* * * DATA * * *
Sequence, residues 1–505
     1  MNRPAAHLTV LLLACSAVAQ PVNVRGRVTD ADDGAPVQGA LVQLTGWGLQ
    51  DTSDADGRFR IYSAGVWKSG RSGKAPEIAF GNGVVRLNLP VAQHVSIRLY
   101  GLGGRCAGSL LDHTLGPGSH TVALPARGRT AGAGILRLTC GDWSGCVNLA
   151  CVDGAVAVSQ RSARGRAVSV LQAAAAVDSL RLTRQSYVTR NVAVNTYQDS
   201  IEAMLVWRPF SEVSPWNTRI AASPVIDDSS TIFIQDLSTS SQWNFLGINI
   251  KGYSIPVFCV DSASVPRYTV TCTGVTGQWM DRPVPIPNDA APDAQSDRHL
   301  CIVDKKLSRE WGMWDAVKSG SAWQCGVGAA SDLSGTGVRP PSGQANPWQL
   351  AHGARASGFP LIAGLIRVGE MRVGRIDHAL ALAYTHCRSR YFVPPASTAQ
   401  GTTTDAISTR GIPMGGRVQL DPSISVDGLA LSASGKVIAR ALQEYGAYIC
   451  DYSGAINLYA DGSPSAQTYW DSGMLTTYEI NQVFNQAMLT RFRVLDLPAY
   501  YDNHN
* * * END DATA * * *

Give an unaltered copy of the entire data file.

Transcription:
Sequence, residues 1–505
     1  MNRPAAHLTV LLLACSAVAQ PVNVRGRVTD ADDGAPVQGA LVQLTGWGLQ
    51  DTSDADGRFR IYSAGVWKSG RSGKAPEIAF GNGVVRLNLP VAQHVSIRLY
   101  GLGGRCAGSL LDHTLGPGSH TVALPARGRT AGAGILRLTC GDWSGCVNLA
   151  CVDGAVAVSQ RSARGRAVSV LQAAAAVDSL RLTRQSYVTR NVAVNTYQDS
   201  IEAMLVWRPF SEVSPWNTRI AASPVIDDSS TIFIQDLSTS SQWNFLGINI
   251  KGYSIPVFCV DSASVPRYTV TCTGVTGQWM DRPVPIPNDA APDAQSDRHL
   301  CIVDKKLSRE WGMWDAVKSG SAWQCGVGAA SDLSGTGVRP PSGQANPWQL
   351  AHGARASGFP LIAGLIRVGE MRVGRIDHAL ALAYTHCRSR YFVPPASTAQ
   401  GTTTDAISTR GIPMGGRVQL DPSISVDGLA LSASGKVIAR ALQEYGAYIC
   451  DYSGAINLYA DGSPSAQTYW DSGMLTTYEI NQVFNQAMLT RFRVLDLPAY
   501  YDNHN